To retain control, parents often prefer to keep the child’s property purchase in the parents’ name or that of a trust. However, at some point in time, the property will need to be transferred into the child’s name, whether on the death of the parents or if the title of the property is transferred to them. Although buying property in this way may protect your investment in case of a child’s relationship breakdown, there may be tax consequences when the house is transferred to the child either upon death or transfer of title.

Tip 7: Consider Other Options
You don’t have to guarantee your child’s home loan to help them. There are other options including:

  • Gifting. You can choose to gift a deposit to help them qualify for a home loan without a guarantor. For example, some lenders allow borrowers to use one-off gifts to cover the cost of the deposit. This allows you to help your family member without taking on a long-term risk.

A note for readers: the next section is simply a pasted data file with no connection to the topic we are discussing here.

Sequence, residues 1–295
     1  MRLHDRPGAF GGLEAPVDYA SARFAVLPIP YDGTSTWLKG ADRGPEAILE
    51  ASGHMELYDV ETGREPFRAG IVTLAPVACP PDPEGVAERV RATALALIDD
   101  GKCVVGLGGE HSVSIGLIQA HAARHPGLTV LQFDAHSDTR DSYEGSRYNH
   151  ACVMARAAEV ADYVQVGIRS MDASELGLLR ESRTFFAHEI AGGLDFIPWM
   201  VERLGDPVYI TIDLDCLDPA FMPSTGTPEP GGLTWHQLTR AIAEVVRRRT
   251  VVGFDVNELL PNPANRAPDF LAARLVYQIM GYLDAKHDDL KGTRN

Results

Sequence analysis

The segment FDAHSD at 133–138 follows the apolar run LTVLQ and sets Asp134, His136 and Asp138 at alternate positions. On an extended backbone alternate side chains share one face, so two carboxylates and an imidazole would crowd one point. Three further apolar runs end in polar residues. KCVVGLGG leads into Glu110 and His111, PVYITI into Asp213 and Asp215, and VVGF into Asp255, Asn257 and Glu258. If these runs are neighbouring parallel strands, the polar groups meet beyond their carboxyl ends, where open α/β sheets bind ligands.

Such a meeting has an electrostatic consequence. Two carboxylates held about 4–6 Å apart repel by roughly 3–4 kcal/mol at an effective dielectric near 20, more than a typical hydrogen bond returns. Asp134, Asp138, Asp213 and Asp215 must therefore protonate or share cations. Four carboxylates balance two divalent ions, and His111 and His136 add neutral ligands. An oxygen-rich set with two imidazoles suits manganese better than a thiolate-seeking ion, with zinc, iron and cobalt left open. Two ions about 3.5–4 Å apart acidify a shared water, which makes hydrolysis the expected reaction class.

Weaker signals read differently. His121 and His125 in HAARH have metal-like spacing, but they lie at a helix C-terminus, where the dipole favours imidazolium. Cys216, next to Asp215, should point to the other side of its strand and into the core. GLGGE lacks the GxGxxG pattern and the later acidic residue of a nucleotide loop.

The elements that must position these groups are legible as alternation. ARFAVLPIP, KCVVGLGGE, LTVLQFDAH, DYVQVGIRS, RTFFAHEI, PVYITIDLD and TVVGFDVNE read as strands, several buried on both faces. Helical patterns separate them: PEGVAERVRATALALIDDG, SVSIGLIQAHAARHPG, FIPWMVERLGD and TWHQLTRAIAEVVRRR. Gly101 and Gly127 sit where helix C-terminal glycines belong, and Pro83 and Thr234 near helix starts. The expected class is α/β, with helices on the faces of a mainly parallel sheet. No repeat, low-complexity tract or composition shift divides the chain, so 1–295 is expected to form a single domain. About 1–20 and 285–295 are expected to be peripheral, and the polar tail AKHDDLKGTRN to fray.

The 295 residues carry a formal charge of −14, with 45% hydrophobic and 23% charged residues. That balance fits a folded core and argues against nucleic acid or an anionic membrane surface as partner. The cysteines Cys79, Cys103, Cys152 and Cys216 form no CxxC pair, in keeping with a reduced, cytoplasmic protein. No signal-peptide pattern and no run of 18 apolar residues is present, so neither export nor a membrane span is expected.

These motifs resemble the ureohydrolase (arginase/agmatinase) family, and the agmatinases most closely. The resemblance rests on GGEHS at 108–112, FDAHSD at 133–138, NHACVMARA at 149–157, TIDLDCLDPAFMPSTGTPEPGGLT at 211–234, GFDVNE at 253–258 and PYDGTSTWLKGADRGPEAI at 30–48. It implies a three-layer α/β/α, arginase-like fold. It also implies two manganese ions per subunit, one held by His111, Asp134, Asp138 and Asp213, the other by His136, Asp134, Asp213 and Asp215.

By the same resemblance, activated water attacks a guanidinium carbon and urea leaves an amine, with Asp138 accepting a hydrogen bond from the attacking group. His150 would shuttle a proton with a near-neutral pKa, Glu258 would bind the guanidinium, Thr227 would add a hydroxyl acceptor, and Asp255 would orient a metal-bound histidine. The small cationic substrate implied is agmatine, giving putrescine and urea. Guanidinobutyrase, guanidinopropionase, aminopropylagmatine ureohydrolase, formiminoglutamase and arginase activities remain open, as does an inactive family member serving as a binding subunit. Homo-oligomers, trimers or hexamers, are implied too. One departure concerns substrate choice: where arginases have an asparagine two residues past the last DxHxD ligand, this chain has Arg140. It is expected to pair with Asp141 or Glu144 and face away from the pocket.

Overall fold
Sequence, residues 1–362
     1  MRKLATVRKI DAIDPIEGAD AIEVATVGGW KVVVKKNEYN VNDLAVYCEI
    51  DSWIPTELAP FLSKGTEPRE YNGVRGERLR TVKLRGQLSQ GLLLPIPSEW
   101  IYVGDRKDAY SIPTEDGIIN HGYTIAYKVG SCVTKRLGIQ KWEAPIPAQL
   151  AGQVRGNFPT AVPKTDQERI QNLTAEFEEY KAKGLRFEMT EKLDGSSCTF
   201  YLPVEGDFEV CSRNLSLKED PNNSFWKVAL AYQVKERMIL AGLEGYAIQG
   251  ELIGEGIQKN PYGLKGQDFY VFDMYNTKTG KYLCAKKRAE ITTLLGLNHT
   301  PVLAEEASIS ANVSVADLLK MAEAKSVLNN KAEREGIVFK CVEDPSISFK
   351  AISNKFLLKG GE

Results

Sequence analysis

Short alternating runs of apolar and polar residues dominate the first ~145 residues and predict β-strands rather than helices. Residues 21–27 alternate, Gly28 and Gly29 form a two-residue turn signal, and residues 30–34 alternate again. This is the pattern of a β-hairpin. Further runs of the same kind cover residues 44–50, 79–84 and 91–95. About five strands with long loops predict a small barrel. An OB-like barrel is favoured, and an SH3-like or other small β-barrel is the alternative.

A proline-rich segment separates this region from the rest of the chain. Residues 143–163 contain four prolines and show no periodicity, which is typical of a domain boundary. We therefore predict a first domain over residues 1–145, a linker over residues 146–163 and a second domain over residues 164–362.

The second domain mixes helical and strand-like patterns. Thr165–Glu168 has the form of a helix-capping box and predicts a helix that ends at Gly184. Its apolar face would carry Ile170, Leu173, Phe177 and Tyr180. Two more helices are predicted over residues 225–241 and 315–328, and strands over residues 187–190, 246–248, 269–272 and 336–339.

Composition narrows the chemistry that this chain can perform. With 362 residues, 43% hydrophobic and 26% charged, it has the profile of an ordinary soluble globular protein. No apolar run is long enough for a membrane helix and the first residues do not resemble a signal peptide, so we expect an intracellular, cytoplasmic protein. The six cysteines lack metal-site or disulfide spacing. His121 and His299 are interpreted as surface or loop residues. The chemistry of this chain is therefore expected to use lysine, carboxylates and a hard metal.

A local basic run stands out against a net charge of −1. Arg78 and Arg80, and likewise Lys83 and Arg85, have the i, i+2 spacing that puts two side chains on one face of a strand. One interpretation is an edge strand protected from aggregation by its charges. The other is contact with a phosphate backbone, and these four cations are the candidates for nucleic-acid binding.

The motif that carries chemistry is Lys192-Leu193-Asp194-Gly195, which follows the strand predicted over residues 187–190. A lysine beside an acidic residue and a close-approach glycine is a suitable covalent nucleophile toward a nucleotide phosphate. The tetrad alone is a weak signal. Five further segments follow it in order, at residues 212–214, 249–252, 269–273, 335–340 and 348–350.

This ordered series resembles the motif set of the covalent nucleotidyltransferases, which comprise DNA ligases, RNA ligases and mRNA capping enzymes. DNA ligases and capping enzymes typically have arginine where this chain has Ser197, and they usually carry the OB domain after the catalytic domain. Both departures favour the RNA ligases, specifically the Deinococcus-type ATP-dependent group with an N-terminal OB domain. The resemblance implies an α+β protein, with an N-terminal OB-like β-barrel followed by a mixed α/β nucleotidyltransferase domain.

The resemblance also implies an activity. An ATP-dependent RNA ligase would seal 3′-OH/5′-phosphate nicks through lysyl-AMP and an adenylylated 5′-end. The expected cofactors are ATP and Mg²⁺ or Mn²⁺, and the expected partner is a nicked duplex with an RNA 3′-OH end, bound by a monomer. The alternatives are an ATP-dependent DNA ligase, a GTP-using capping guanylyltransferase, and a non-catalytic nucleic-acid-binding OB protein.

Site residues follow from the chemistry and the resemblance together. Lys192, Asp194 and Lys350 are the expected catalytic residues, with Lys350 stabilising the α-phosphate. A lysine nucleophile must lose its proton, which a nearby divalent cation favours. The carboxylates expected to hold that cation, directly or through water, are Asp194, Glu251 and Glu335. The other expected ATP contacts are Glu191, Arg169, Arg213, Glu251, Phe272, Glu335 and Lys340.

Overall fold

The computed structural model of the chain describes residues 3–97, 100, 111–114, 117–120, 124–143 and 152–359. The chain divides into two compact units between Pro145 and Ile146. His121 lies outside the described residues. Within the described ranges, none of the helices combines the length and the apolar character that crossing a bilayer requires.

• A cash loan. Here a legally binding agreement is drawn up and signed by all parties. The agreement specifies the terms of the loan (e.g. any interest payable, how repayment will be made, deadlines etc). When drawing up the loan agreement, parents should keep a form of charge over the property, such as a mortgage or a caveat. Plus, the loan agreement or contract can also be the subject of a Binding Financial Agreement, which removes doubt over how an advance or a loan is to be treated if a child separates from his or her partner.
  • Staying home. Allowing your child to stay at home for longer enables them to save money on rent, utilities and other expenses, helping them to save for a deposit at a much faster rate than would otherwise be possible.